August 27, 2018 6:34 pm
Updated: August 28, 2018 11:35 am

Trudeau phones Trump to discuss trade as Mexico calls on Canada to return to NAFTA talks

WATCH: On Monday, Mexican President Enrique Pena Nieto reiterated he wanted Canada to return to talks with Mexico and the U.S. in order to reach a trilateral deal in the revamp of the North American Free Trade Agreement (NAFTA) after he talked with U.S. President Donald Trump by telephone.

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After days of speculation that a bilateral North American Free Trade Agreement (NAFTA) had been reached between the United States and Mexico, the Mexican president-elect insisted on bringing Canada into the deal.

On Monday, Mexico and the U.S. announced a deal to change the 25-year old trade pact, with Canada pressured to sign on by Friday.

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READ MORE: The end of NAFTA? What the U.S.-Mexico trade deal means for Canada

Andres Manuel Lopez Obrador, who will take office on Dec. 1, made the comments during his speech before an event in the Mexican state of Chiapas. He said it was important that Canada was part of the deal.

During Obrador’s speech, he added that the country maintained its right to change its constitution and laws related to energy, a key issue during the presidential campaign.

On Monday evening, a statement was released saying that U.S. President Donald Trump and Prime Minister Justin Trudeau had spoken about NAFTA talks, and that Trudeau welcomed the progress made in the discussions between the U.S. and Mexico.

WATCH: U.S., Mexico reach preliminary trade deal without Canada

Further, the statement went on to say that the two leaders will engage this week “with a view to successful conclusion of the negotiations.”

Shortly after the Prime Minister’s Office released its statement, Conservative Foreign Affairs critic Erin O’Toole, released a note claiming that the Trudeau government has “failed to advance Canada’s trade interests.”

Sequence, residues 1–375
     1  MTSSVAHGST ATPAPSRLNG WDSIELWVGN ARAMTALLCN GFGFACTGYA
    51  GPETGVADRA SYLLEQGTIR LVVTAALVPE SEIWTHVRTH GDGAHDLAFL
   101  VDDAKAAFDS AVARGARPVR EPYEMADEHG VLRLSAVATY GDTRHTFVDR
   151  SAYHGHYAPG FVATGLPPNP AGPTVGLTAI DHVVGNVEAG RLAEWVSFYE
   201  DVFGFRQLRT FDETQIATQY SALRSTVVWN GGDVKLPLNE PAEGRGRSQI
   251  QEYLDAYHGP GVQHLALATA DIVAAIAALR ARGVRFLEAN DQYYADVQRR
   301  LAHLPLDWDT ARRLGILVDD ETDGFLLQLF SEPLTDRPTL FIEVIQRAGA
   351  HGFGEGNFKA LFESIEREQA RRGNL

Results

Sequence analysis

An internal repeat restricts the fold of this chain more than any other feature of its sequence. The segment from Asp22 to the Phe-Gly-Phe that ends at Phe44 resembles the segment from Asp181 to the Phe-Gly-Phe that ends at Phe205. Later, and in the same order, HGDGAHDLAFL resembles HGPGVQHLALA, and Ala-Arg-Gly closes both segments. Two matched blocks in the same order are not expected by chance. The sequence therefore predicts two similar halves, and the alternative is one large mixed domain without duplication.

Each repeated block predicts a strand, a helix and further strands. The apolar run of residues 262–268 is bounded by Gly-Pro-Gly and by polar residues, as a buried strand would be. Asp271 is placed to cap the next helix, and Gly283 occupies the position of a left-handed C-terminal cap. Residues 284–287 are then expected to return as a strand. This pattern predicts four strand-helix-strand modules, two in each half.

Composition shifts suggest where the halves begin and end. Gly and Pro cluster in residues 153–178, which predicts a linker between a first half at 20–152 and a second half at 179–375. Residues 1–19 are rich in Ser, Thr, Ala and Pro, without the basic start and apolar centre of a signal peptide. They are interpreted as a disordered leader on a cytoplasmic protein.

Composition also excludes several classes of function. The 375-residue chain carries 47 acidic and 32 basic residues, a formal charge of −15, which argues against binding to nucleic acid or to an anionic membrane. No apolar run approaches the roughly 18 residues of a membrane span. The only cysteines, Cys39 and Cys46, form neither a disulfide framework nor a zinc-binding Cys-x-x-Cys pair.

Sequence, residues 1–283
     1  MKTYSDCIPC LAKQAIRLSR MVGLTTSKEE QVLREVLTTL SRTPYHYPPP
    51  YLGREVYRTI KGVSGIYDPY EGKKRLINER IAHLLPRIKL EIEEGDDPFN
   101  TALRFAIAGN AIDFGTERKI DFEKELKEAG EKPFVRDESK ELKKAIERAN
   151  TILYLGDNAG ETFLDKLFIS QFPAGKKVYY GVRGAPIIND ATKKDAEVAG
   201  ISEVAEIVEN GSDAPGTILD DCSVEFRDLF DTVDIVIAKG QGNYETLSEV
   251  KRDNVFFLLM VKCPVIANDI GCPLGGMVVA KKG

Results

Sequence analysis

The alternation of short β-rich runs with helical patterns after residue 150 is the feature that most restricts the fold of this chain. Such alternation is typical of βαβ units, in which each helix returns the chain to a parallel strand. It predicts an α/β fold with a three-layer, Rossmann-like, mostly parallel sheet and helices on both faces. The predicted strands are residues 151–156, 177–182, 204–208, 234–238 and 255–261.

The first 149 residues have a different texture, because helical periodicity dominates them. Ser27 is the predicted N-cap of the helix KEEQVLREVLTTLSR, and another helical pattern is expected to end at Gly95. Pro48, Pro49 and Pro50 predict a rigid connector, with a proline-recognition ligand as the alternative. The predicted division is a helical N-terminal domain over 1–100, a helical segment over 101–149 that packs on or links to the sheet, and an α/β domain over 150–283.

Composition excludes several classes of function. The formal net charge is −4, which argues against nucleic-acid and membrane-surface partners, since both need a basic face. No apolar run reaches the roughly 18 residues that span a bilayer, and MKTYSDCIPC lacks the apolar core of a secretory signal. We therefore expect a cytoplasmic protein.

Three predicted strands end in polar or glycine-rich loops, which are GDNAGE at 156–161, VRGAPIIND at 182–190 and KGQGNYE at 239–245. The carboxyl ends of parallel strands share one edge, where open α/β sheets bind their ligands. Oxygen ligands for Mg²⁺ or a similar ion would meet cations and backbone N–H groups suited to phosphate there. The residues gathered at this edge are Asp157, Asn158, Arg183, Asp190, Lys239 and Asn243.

WATCH: Trump announces United States-Mexico trade agreement, says NAFTA is over

“For years, Conservatives have asked for a more serious approach from the Trudeau government on NAFTA, but the Liberals have preferred domestic political posturing over advancing our economic interests,” it read. “I am troubled that despite the fact that NAFTA grew out of the Canada-US free trade agreement, Mexico appears to have usurped our role as the key US trade partner.”

LISTEN BELOW: University of Alberta professor Dr. Greg Anderson speaks with 630 CHED’s Ryan Jespersen about the future of NAFTA

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Last week and over the weekend, there had been whispers of a bilateral agreement being reached between the U.S. and Mexico, with Trump tweeting, “Deal with Mexico is coming along nicely. Autoworkers and farmers must be taken care of or there will be no deal. New President of Mexico has been an absolute gentleman. Canada must wait.”

Trump said in a press conference on Monday that negotiations with Canada would begin “almost immediately,” now that discussions with Mexico are coming to a close.

“We’re starting negotiations with Canada pretty much immediately,” Trump said. He added, the Canadian economy is “a smaller segment, Mexico is a very large trading partner.”

Outgoing Mexican President Enrique Pena Nieto also commented on the discussions, saying he hopes Canada will come back to the table.

WATCH: Trump says trade deal with Canada will be next priority after Mexico

“Let us hope that soon, in equal measure, the same will happen with the negotiation with Canada and the United States that would allow us in the coming days to formally close the Free Trade Agreement — Mexico, the United States and Canada.”

There are few details so far about the content of the U.S.-Mexico agreement, nor what Ottawa would need to agree to in order to sign it by Friday.

— With files from Reuters 

© 2018 Global News, a division of Corus Entertainment Inc.

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